Before we begin the season of Lent (with Ash Wednesday on March 6) allow me to remind you of this Season of Light—between Christmas and Easter. During these weeks (when days are only slowing getting longer) we are called to follow Christ beyond our personal or corporate entrenchments. To remind us how difficult this can be, as February begins, last Sunday we heard the story of Jesus’ sermon in this hometown of Nazareth. At first, the community seems to welcome his message—proclaiming liberty to captives and letting the oppressed go free sounds perfectly fine to them. But the ensuing conversation devolves into an argument about insiders and outsiders and the next thing you know, the hometown crowd is ready to throw Jesus over the cliff!
The Apostle Paul, who planted many congregations throughout the Mediterranean world and who struggled to help them grasp the implications of being grafted into Christ, spoke powerfully about the importance of reconciliation which, at its heart, is about breaking down barriers so relationships can be restored. In Ephesians he writes: “For Christ is our peace; in his flesh he has made both groups (Jew and Gentile) into one and has broken down the dividing wall, that is, the hostility between us.” And in 2 Corinthians Paul testifies to the God “who reconciled us to himself through Christ, and has given us the ministry of reconciliation.”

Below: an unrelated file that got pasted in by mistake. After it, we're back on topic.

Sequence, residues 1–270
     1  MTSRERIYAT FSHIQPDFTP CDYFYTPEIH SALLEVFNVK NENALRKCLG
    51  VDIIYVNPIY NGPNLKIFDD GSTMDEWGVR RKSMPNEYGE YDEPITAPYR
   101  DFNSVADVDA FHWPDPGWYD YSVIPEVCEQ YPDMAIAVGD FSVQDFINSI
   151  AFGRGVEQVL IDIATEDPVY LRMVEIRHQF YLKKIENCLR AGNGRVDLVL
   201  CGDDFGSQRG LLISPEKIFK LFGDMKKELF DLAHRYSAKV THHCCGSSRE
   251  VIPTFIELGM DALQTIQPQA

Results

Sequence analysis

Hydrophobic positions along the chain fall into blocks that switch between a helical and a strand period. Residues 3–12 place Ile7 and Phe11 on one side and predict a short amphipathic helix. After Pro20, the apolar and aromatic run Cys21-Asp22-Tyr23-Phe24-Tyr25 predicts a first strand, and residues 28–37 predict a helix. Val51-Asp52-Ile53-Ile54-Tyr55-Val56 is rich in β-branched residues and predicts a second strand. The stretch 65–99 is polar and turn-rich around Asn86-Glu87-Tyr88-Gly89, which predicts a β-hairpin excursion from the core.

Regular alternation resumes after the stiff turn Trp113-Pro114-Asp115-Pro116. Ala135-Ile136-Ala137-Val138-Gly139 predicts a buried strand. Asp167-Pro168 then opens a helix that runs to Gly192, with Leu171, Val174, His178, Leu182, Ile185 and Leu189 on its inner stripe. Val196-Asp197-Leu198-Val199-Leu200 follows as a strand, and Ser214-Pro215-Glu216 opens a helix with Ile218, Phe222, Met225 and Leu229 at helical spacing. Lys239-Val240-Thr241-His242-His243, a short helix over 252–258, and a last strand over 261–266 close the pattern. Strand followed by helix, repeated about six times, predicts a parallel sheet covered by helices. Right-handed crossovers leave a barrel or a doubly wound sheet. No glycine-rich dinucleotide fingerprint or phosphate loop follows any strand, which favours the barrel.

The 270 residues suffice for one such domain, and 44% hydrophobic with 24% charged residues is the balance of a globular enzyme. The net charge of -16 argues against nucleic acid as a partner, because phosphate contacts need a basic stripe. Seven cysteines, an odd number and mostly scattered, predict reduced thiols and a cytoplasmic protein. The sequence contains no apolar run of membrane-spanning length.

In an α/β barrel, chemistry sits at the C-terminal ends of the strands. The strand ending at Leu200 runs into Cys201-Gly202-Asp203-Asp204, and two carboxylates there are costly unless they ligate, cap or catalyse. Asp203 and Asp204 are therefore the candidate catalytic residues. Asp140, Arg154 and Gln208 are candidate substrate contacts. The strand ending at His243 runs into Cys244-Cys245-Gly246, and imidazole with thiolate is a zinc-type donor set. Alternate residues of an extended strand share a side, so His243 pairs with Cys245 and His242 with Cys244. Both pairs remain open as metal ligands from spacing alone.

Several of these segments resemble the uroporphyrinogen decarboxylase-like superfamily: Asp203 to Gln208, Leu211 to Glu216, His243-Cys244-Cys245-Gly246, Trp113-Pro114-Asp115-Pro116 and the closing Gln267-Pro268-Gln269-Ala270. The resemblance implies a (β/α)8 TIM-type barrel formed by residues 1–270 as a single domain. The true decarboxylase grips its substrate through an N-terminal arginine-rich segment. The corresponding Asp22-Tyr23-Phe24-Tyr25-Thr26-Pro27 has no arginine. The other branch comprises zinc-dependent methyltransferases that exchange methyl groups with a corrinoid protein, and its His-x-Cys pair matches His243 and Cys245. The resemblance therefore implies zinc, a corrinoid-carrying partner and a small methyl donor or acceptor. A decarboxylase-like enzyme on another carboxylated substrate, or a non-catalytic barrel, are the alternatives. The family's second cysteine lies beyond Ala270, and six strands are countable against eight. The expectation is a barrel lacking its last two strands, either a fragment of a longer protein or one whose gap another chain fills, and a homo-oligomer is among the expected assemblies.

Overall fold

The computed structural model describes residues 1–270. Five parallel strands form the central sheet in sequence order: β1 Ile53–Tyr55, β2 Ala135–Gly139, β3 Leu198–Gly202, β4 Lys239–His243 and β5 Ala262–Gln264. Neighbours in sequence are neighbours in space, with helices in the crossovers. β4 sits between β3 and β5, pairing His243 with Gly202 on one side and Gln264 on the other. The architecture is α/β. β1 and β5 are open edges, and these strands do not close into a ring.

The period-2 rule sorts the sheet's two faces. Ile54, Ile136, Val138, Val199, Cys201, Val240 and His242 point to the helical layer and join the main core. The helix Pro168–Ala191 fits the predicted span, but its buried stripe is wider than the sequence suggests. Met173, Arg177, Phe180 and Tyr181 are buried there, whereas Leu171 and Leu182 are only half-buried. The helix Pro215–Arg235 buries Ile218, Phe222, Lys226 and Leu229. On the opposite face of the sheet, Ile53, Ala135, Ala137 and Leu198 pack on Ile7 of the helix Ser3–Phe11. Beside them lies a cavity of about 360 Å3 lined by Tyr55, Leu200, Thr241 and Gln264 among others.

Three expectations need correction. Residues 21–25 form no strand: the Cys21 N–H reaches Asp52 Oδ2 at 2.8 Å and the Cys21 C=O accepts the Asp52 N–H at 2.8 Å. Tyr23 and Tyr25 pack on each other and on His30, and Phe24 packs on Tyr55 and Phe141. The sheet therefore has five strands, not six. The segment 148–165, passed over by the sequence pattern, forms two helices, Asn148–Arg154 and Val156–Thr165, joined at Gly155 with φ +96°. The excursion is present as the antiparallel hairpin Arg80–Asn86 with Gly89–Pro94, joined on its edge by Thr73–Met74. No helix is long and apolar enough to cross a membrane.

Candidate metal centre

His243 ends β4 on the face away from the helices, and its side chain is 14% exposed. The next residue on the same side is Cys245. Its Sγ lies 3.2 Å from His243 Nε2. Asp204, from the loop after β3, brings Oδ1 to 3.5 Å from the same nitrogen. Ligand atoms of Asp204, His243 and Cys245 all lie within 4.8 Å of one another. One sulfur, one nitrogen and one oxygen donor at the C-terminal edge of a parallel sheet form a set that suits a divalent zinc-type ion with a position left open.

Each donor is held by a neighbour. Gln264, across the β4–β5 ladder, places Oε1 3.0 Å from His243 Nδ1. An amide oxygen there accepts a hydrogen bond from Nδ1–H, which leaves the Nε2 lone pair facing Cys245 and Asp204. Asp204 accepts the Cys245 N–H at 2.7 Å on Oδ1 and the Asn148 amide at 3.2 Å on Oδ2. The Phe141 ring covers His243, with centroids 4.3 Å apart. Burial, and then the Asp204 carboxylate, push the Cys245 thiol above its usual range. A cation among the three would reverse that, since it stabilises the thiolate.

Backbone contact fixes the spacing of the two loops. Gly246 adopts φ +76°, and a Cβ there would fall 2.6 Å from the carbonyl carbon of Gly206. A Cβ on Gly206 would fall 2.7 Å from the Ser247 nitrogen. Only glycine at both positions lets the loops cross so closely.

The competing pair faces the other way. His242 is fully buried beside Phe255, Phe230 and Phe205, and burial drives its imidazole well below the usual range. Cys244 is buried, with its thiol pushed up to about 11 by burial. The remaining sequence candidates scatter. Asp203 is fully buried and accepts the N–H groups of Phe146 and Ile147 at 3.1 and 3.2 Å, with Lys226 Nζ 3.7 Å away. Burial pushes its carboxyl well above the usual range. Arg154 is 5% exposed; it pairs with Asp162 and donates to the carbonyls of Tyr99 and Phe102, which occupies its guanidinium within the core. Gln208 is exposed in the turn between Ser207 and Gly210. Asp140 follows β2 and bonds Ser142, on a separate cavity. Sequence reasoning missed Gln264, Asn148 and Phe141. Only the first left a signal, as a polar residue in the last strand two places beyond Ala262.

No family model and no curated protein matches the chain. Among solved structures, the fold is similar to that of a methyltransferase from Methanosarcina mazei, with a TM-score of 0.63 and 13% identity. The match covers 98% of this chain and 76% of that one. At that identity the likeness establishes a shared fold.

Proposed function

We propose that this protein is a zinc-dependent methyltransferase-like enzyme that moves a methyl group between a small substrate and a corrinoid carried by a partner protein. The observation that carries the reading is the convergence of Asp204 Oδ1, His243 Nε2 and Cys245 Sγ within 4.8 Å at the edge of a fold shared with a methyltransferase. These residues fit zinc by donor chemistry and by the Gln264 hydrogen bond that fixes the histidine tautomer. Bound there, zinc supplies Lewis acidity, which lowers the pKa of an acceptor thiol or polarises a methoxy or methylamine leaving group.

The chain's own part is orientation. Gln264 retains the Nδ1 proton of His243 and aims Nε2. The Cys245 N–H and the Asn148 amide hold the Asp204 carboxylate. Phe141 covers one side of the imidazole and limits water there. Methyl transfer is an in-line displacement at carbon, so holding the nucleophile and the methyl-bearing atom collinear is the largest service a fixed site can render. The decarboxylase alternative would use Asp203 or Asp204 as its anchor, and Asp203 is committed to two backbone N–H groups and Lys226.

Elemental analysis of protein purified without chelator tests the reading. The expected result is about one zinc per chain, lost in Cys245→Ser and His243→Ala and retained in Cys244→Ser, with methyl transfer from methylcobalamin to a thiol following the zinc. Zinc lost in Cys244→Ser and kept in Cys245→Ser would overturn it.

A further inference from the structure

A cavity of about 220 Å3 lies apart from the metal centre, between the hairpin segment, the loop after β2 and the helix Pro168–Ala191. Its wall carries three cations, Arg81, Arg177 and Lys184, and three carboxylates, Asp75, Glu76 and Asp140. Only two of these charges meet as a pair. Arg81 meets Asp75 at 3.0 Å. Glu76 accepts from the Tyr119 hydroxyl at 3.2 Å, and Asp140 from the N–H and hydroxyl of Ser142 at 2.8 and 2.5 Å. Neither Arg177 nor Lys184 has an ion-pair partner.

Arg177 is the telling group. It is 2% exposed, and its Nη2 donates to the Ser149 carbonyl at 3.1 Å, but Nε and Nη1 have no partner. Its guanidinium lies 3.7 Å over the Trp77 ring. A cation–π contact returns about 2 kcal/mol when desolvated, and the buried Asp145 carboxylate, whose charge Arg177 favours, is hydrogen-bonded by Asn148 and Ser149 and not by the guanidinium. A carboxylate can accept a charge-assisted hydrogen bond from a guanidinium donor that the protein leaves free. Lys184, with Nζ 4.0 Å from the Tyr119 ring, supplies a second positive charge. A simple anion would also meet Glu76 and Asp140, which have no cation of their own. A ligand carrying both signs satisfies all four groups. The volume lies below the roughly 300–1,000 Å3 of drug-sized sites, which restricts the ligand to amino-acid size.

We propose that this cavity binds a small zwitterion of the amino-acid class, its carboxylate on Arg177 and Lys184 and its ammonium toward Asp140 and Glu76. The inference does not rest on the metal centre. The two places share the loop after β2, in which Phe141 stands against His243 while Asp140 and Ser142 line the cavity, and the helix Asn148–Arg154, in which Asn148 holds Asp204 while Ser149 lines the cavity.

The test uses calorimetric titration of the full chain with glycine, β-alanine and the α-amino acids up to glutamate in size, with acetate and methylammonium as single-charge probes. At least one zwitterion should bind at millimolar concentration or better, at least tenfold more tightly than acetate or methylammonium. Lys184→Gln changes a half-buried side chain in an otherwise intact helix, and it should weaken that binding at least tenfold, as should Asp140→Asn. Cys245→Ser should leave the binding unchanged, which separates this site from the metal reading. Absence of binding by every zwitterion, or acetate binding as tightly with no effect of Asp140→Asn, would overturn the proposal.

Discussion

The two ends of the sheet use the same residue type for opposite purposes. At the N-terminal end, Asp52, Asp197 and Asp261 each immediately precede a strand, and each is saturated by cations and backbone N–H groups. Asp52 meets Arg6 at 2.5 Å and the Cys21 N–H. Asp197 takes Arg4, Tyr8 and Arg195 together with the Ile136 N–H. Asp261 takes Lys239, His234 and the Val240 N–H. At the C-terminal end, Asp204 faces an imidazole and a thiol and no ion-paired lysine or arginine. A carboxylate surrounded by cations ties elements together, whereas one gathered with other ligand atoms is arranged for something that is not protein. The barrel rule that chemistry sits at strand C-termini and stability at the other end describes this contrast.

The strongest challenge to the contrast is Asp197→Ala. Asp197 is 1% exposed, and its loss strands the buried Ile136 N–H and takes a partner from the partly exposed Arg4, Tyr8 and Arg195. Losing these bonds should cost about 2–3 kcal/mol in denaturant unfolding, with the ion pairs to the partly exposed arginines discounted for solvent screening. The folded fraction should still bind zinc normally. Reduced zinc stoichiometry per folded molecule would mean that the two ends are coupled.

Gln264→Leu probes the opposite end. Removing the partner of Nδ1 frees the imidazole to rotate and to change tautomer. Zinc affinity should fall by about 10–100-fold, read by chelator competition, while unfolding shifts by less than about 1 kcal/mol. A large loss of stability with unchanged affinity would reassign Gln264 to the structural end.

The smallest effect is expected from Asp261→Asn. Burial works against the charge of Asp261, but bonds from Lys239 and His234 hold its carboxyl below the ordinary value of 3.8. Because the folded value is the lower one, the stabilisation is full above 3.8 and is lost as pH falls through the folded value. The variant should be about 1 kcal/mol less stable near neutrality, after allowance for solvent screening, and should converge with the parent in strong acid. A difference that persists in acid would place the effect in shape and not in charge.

With all our political wrangling about a “border wall” in our nation, I’m reminded of a poem, Mending Wall, by Robert Frost. In his words he takes us with him as he and his neighbor go through their annual process of “setting the wall between us” which weather, man, and beast have breached. In the middle of this exercise, Frost wonders aloud why they do it. “Good fences make good neighbors,” comes his neighbor’s reply. And Frost challenges: “Why do they make good neighbors? Isn’t it where there are cows? But here there are no cows. Before I built a wall I’d ask to know what I was walling in or walling out, and to whom I was like to give offence. Something there is that doesn’t love a wall, that wants it down.” In the end, Frost concludes of his neighbor, “He moves in darkness as it seems to me, not of woods only and the shade of trees.”
A good deal of the opposition Jesus experienced in his ministry—including in his hometown—had to do with how he pushed the presumed boundaries of God’s circle of care outward, so that it encompassed those whom law and tradition had walled out. When at his crucifixion the curtains of the Temple are torn in two from top to bottom—the last wall between God and humanity is breached. But we human beings are good at building and maintaining walls and fences. And so the work of erecting them in locations both new and old continues ad nauseam.
Yet, however much we find ourselves tilting toward the task of erecting or reinforcing barriers that would divide, Jesus shows us—and great poets remind us—not to mindlessly accept the convention of wall building, but to bend will and body instead to the task of their dismantling.
There’s a message in the Gospel somewhere if we can find it.